Gary Wright wrote:
>> I suspect that the server is the bottleneck, not the client.

Zed Shaw wrote:
> Better yet, don't use a Ruby web server at all, and use another tool you
> trust (httperf or ab and curl) to determine a good baseline performance.
> Once you've got what *could* be done with net/http then you can run
> net/http and compare.

Hi Zed & Garry,

I neglected to mention in my post that I have already double checked 
that WEBrick is not the culprit. Fetching from WEBrick using curl is as 
fast as using TCPSocket:

$ time curl -O http://localhost:12000/ten-meg.bin
  % Total    % Received % Xferd  Average Speed   Time    Time     Time 
Current
                                 Dload  Upload   Total   Spent    Left 
Speed
100 10.0M  100 10.0M    0     0  21.9M      0 --:--:-- --:--:-- --:--:-- 
29.4M

real    0m0.466s
user    0m0.013s
sys     0m0.093s

So I *know* Ruby can shift the bits around fast enough, it's just that 
net/http isn't playing the game.

> Also, I'm working on a faster alternative to net/http in the RFuzz http
> client.  Stay tuned for that, but you can play with it right now:

I'd definitely like to check that out!

I just think that net/http's abysmal speed is somewhat anomalous. I am 
confident there is a simple explanation - maybe some tight loop in there 
doing something not particularly clever - but I haven't had the time as 
yet to dive right into net/http and find the reason. And I haven't had 
much success with Ruby profilers either. More suggestions welcome here!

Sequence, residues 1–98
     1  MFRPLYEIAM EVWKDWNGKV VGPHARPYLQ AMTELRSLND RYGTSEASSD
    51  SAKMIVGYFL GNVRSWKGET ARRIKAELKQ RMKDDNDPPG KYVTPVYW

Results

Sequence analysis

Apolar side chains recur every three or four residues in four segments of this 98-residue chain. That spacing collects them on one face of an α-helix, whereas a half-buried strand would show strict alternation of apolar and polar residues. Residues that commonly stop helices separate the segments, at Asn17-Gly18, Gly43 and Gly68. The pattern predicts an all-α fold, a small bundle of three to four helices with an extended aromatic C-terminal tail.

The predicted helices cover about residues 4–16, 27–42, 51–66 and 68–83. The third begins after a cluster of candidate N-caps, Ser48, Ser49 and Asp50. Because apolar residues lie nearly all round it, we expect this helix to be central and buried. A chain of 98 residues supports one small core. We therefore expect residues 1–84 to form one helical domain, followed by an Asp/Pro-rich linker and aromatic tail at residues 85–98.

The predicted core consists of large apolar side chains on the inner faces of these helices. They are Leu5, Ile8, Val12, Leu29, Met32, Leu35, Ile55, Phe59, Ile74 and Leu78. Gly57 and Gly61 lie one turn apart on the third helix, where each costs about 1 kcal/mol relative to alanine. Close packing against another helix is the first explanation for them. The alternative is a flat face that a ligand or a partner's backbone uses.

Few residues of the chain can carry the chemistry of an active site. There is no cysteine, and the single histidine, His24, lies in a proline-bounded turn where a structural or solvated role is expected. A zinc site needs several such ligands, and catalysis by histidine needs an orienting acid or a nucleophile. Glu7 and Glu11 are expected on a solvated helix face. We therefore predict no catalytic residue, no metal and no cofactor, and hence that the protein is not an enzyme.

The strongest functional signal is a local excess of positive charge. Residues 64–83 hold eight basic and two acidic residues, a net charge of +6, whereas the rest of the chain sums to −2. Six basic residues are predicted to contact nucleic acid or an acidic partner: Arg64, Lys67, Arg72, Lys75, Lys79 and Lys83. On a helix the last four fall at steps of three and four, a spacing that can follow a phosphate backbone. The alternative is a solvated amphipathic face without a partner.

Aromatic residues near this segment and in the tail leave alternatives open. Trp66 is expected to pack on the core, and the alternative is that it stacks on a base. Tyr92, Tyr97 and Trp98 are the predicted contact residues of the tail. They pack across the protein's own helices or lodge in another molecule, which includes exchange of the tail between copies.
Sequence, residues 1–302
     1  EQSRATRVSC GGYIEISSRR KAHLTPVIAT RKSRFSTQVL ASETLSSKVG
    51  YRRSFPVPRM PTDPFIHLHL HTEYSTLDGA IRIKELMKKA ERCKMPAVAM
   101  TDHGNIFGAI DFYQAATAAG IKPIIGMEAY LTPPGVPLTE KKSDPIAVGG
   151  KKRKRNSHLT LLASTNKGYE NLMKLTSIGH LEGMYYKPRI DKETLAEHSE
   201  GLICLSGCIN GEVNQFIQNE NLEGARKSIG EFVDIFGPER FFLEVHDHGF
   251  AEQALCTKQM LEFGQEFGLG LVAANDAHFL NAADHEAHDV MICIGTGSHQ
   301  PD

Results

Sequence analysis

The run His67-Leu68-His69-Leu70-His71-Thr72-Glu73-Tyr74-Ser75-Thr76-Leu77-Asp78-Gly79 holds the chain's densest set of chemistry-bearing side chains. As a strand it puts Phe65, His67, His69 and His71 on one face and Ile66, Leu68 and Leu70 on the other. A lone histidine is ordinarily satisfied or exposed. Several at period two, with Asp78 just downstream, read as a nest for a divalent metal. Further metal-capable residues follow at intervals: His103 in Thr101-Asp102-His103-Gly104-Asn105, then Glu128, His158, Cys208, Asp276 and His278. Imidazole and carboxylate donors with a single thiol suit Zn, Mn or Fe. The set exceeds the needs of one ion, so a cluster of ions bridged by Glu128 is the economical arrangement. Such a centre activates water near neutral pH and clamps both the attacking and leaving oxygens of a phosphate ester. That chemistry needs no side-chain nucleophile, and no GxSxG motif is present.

I have gone ahead and changed the critical section of my code to use 
TCPSocket instead. That solved the HTTP GET problem, but I still 
struggle with PUTs:

file = File.open(resultFile, "r")
http = Net::HTTP.new(@uri.host, @uri.port)
http.put("/put/" + URI.escape(File.basename(resultFile)), file.read)

Now that's not real pleasant because it relies on snarfing the whole 
file into memory first. I would have liked to do something like:

http.put("/put/" + URI.escape(File.basename(resultFile))) do 
|datasocket|
    while file.eof? == false
        datasocket.write(file.read(4096))
    end
end

This is similar to what net/http offers in the case of HTTP GET, but of 
course it's broken because of the aforementioned speed concerns:

http.request_get("/#{file}") { |response|
    response.read_body { |segment|
        # in here, 400 KB/s max and > 70% CPU utilisation ...
        outputFile.write(segment)
   }
}

I still call myself a Ruby newbie, so one of my concerns is that perhaps 
I'm Just Not Getting It and that if I followed the Ruby Way my troubles 
would vanish :)

-- 
Posted via http://www.ruby-forum.com/.